The facts of this case do not present any justification for departing from the reasoning expressed in Promisel with respect to allocating among the parties the unavoidable windfall. Therefore, unemployment compensation will not be deducted from the plaintiff's back pay award.


Dailey seeks prejudgment interest on the jury's back pay award of $300,000. The Bank argues that the Court should deny prejudgment interest because under the amendments to Title VII, back pay no longer is taxable and because the plaintiff has been attending school and "reap[ing] the benefits of further education[]" since she left the Bank; according to the Bank, an award of prejudgment interest would result in the plaintiff's being "triply compensated for the time after she left the Bank to [the] time of judgment." (Letter from Michael A. Kalish dated 6/8/95.)

It is within this Court's sound discretion to award prejudgment interest on the plaintiff's back pay damages. In Loeffler v. Frank, 486 U.S. 549, 108 S. Ct. 1965, 100 L. Ed. 2d 549 (1988), the Supreme Court noted that in Title VII suits, prejudgment interest on back pay awards "of course, is an `element of complete compensation.'" Id. at 558, 108 S. Ct. at 1971 (citing West Virginia v. United States, 479 U.S. 305, 310, 107 S. Ct. 702, 706, 93 L. Ed. 2d 639 (1987)). Title VII authorizes interest awards as "a normal incident of suits against private parties[.]" Id. In Clarke v. Frank, 960 F.2d 1146 (2d Cir.1992), the Court of Appeals for the Second Circuit affirmed the district court's award of prejudgment interest under Title VII on the plaintiff's back pay award. The court explained:

Prejudgment interest discourages an employer from attempting to `enjoy an interest-free loan for as long as [it can] delay paying out back wages.' ... Thus, we have held that `it is ordinarily an abuse of *114 discretion not to include pre-judgment interest in a back-pay award....'

Id. at 1153-54 (citations omitted) (emphasis in original).

In Wickham Contracting Co., Inc. v. Local Union No. 3, Int'l Bhd. of Elec. Workers, 955 F.2d 831 (2d Cir.), cert. denied, ___ U.S. ___, 113 S. Ct. 394, 121 L. Ed. 2d 302 (1992), a case decided under the Labor Management Relations Act, the Court of Appeals discussed the relevant factors to be applied in making a discretionary award of prejudgment interest:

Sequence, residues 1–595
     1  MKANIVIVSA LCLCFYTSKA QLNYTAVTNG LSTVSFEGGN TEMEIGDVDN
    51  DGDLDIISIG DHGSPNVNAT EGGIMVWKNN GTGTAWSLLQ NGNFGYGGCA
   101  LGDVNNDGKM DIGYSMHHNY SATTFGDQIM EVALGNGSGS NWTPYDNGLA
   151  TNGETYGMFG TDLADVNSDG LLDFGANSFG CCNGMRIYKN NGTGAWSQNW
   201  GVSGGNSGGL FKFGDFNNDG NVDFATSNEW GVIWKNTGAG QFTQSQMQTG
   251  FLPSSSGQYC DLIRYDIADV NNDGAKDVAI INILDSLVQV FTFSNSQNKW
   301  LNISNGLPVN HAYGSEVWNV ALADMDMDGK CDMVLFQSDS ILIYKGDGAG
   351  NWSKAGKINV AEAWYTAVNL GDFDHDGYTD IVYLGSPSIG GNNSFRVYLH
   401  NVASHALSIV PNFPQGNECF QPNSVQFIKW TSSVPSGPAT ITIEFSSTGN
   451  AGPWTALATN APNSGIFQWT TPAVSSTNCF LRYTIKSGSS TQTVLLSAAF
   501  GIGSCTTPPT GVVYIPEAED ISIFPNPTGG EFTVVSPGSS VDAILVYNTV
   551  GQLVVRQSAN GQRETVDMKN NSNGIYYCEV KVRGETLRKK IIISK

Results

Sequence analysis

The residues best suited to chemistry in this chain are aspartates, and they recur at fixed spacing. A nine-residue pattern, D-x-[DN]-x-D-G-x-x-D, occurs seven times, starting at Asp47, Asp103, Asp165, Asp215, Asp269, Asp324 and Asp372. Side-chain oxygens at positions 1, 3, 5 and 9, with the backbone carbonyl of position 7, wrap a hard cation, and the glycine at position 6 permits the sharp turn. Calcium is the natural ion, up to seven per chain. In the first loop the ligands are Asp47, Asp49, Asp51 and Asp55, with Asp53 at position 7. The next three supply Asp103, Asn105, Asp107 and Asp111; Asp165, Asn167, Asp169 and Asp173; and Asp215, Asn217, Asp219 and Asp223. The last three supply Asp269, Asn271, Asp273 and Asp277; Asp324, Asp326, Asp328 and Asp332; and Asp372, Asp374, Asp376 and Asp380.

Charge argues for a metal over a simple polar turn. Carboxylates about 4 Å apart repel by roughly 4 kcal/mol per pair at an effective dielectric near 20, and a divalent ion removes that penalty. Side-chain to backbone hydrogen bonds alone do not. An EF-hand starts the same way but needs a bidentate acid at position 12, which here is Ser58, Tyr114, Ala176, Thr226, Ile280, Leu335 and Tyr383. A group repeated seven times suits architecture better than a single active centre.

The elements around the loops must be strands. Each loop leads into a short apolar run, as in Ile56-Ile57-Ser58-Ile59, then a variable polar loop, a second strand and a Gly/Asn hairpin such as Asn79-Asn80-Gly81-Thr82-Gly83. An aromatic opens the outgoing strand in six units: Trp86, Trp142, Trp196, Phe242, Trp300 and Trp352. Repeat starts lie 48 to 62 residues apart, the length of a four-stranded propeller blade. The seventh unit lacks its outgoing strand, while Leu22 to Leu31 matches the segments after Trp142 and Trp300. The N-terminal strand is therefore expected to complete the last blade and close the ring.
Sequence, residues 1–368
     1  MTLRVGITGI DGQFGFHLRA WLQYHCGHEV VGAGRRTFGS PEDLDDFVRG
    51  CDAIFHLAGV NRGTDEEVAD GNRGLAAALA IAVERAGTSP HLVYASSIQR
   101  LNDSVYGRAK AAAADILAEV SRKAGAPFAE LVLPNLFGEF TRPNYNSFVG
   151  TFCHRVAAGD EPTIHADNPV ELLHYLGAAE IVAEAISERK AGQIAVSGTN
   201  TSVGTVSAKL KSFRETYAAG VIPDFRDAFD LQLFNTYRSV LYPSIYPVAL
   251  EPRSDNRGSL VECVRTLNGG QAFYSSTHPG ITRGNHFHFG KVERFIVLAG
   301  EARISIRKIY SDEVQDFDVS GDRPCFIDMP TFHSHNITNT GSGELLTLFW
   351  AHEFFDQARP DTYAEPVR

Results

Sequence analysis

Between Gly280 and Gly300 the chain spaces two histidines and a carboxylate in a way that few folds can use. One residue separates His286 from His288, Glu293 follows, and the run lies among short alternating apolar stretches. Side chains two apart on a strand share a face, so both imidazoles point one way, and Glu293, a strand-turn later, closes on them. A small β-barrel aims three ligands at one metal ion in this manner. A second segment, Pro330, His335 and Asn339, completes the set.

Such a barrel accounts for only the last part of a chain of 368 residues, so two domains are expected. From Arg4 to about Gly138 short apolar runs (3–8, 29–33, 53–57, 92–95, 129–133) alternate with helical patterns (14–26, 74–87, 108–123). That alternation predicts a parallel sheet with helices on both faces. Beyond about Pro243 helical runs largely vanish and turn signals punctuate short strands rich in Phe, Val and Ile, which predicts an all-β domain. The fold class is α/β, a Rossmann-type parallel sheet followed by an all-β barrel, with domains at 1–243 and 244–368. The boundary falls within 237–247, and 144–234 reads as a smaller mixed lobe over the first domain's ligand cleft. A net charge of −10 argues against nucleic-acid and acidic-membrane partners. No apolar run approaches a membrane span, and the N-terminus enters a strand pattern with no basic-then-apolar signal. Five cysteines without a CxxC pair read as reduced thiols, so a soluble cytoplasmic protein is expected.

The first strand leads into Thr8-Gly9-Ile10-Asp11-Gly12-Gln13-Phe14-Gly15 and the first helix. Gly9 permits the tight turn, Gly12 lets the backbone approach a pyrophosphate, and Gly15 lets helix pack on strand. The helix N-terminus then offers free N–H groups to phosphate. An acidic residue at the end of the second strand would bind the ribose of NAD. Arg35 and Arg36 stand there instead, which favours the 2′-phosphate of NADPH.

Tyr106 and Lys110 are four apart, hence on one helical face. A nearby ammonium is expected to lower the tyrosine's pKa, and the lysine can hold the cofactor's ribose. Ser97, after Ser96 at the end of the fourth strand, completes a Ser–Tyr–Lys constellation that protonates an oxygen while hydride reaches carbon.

[T]he award should be a function of (i) the need to fully compensate the wronged party for actual damages suffered, (ii) considerations of fairness and the relative equities of the award, (iii) the remedial purpose of the statute involved, and/or (iv) such other general principles as are deemed relevant by the court.

Id. at 833-34 (citing, inter alia, Loeffler v. Frank, 486 U.S. 549, 557-58, 108 S. Ct. 1965, 1970-71, 100 L. Ed. 2d 549 (1988)).

There are no extraordinary reasons to depart from the cases which have authorized prejudgment interest on back pay awards in Title VII cases. Interest is necessary to place the plaintiff in the position she would have been in had she received her salary when it was owed and had she not left the Bank. The purposes of Title VII to deter violations of the statute and to make the plaintiff whole are both served by a prejudgment interest award on the back pay portion of the damage award.

The Bank's argument with respect to "triple compensation" is not supported by any authority and does not justify departing from the general rule with respect to prejudgment interest. The Court will, therefore, award prejudgment interest on the back pay damage award. Pursuant to the stipulation between the parties, the amount of prejudgment interest is $32,796.22.[4]


For the foregoing reasons, judgment will be entered for the plaintiff on her retaliation claim in the amount of $300,000 in back pay, $100,000 in compensatory damages and $32,796.22 in prejudgment interest.[5]